The Effects of Low Blood Glucose on Sedation

Low blood sugarNOTE:  For those of you in other countries, or those not familiar with abbreviation of medical terms, n.p.o. is a Latin abbreviation for ‘nil per os’ or ‘nothing by mouth’.   In the U.S., this is widely practiced in IV sedation and oral conscious sedation to minimize the risk of aspiration if the vomit reflex is triggered. We recently received a call from Dr. Liscio in Vermont concerning three IV sedation patients over a period of 5 or 6 weeks who were difficult to keep in a sedated state.  He called to see if we had any insight about these very difficult behaviors and what might be causing them.

This article explores the effects of low blood glucose on sedation:

NOTE: The opinions stated in this conference call may not be the opinions of Solace Lifesciences.

This advice applies ONLY to sedation when done in combination with NuCalm using the lower doses of Nitrous, OCS, or IV medication. Please use discretion and manage your respective clinical practices based upon your skill level, expertise, and clinical philosophy. 

Excerpt from a conference call with Dr. Blake Holloway and Dr. Rex WhitemanApril 11, 2012 – 4 minutes


 
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This is from wikipedia.org on the subject of hypoglycemia:

Like most animal tissues, brain metabolism depends primarily on glucose for fuel in most circumstances. A limited amount of glucose can be derived from glycogen stored in astrocytes, but it is consumed within minutes. For most practical purposes, the brain is dependent on a continual supply of glucose diffusing from the blood into the interstitial tissue within the central nervous system and into the neurons themselves. Therefore, if the amount of glucose supplied by the blood falls, the brain is one of the first organs affected. In most people, subtle reduction of mental efficiency can be observed when the glucose falls below 65 mg/dl (3.6 mM). Impairment of action and judgment usually becomes obvious below 40 mg/dl (2.2 mM). Seizures may occur as the glucose falls further. As blood glucose levels fall below 10 mg/dl (0.55 mM), most neurons become electrically silent and nonfunctional, resulting in coma. These brain effects are collectively referred to as neuroglycopenia. The importance of an adequate supply of glucose to the brain is apparent from the number of nervous, hormonal and metabolic responses to a falling glucose level. Most of these are defensive or adaptive, tending to raise the blood sugar via glycogenolysis and gluconeogenesis or provide alternative fuels. If the blood sugar level falls too low the liver converts a storage of glycogen into glucose and releases it into the bloodstream, to prevent the person going into a diabetic coma, for a short period of time.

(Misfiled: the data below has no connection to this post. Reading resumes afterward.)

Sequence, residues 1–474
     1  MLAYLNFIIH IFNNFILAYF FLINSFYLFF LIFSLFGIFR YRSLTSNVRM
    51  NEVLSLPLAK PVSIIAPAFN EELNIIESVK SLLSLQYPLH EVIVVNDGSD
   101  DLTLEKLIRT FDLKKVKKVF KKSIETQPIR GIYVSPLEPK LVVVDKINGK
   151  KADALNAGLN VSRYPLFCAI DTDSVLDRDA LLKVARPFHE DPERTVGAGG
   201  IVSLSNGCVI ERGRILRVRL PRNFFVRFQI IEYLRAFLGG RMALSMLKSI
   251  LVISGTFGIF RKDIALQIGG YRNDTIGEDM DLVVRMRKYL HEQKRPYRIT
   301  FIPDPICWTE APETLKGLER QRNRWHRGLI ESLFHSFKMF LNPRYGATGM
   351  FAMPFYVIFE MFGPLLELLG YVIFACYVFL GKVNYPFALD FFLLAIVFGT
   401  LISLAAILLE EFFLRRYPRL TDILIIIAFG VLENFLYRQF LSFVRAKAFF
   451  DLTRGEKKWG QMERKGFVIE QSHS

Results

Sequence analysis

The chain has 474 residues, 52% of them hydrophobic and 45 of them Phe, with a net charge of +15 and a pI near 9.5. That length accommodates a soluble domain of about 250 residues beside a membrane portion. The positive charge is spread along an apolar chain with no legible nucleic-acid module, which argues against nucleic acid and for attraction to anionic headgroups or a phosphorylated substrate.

Ref: http://en.wikipedia.org/wiki/Hypoglycemia#Adrenergic_manifestations

Subsequently, we arranged a conference call with Dr. G. Blake Holloway, Dr. Ed Staffel, and Dr. Liscio.

Here is a recording of the conversation (23 minutes):


 
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The Results of Dr. Liscio’s IV Sedation

What happened when Dr. Liscio followed the advice of Dr. Staffel and Dr. Holloway?Here’s the recording of their conversation (4 minutes):


 
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Recently, Dr. Liscio has switched from Ensure to a high quality organic protein shake called Orgain that he gives patients arriving at his office on an empty stomach and repeats every 3-4 hours on longer procedures.  It is available at major retailers or the best price we’ve seen online is through Amazon at $29.99 for 12 – 11 oz. servings:

Another brand that is recommended for diabetic or hypoglycemic patients is Glucerna by Abbott:

This is another area where NuCalm practices have a major clinical advantage:  NuCalm naturally lowers the metabolic rate and suppresses the vagal nerve pathway and thus minimizes gagging and suppresses the vomit reflex.

NOTE:  Another thing to be aware of during longer procedures with NuCalm is that when a patient is in a parasympathetic dominant state, the entire digestive system – including elimination steps up. Patients will have to urinate more frequently than normal, so we recommend that you give the patient a bathroom break every 2 1/2 to 3 hours and also re-nourish them with another protein drink.

It is not necessary to re-dose the NuCalm cream. The cream and the CES do most of their work in the first 15-20 minutes by interrupting the stress response of the HPA (hypothalamic-pituitary-adrenal) Axis.